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I've run across a curious designation in the "Relation to Head of Family" column of the 1851 Census that I'd like some help figuring out. Following the entries for the parents and their children who all share the same last name, there is an entry for a 24-year-old woman with a different last name and a "Relation to Head of Family" that looks like it could be "Depen" (possibly for Dependent?). The Census says this young woman is employed as a "Cotton Slubber" and she is certainly of age at 24, so I'm not quite sure what to make of this.enter image description here

Has anyone else seen a similar designation? Am I reading the entry correctly? Any thoughts about what it might mean?


Judith, thanks for your thoughts on this. Here's one other wrinkle that I overlooked. Hannah Yates is also enumerated with this family in the 1841 Census, but in that census (which doesn't include a column for relation to head of household), she's listed as "F.S.," presumably "Female Servant."

enter image description here Since the head of household is listed as a Laborer, it seems a bit odd to think that Hannah Yates was employed as a female servant within the household. Maybe this is just the way the census enumerator accounted for the presence of an unrelated, non-working teenage girl in household, or maybe she was working as a domestic outside the household?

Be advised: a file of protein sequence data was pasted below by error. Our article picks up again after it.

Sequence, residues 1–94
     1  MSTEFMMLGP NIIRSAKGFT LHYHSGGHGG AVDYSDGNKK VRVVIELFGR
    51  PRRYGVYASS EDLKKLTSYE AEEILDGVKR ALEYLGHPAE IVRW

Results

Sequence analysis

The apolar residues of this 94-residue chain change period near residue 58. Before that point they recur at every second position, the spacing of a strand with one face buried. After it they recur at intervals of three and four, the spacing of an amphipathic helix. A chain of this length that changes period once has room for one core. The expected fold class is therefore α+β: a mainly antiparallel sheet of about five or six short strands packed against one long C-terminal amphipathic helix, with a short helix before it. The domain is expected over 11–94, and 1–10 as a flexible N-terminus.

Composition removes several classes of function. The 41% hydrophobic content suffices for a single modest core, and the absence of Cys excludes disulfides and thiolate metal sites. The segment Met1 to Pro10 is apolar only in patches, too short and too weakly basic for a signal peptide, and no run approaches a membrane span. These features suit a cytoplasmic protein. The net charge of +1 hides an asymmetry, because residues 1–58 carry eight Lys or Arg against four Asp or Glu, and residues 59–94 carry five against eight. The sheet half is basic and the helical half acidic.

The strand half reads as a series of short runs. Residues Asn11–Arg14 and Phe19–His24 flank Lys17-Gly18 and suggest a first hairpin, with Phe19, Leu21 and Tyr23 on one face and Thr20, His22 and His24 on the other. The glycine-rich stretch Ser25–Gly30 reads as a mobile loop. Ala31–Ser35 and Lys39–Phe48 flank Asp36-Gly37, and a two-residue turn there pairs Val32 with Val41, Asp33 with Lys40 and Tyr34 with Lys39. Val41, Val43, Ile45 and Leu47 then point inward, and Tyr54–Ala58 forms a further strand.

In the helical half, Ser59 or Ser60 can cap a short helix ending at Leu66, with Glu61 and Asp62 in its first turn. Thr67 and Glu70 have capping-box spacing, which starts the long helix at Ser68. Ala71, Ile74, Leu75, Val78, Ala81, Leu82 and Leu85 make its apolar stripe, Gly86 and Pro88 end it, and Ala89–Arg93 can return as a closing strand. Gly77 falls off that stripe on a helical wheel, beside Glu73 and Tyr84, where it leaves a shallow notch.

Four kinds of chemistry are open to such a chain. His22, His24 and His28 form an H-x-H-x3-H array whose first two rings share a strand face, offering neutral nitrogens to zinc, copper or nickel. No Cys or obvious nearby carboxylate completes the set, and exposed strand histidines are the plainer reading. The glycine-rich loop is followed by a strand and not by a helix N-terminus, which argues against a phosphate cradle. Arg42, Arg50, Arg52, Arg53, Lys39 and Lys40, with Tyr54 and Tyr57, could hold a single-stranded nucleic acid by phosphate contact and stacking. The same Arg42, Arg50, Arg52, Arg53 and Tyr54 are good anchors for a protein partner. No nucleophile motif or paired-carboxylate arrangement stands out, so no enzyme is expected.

In any case, the unofficial adoption line is definitely one worth following up. I'll try to locate a birth record for Hannah to see if that helps me figure anything out.

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    Welcome to G&FH.SE! Can you post the archive reference for this census entry so that those of us with access to the 1851 census can look for an image at our own provider's website? Not all sites have the same images and there might be a better copy. – Jan Murphy Feb 12 '15 at 20:06
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It is Dependent.

Formal adoption in law did not exist in Britain until 1926. The change in law being brought about after the large number of orphans created by the First World War and the Influenza epidemic shortly after.

Before this time, adoption was an informal process performed in various ways. My understanding is that the Church was usually involved.

I would read from your census that this woman has been adopted, thus becoming a dependent. She is still living with her adopted parents at 24 as she is unmarried. Perhaps this is due to some disability but that is pure speculation.

The continued use of Dependent rather than Lodger would indicate that she doesn't pay rent, not that she doesn't pay her way.

There are various books on the history of adoption. You may find more information there.

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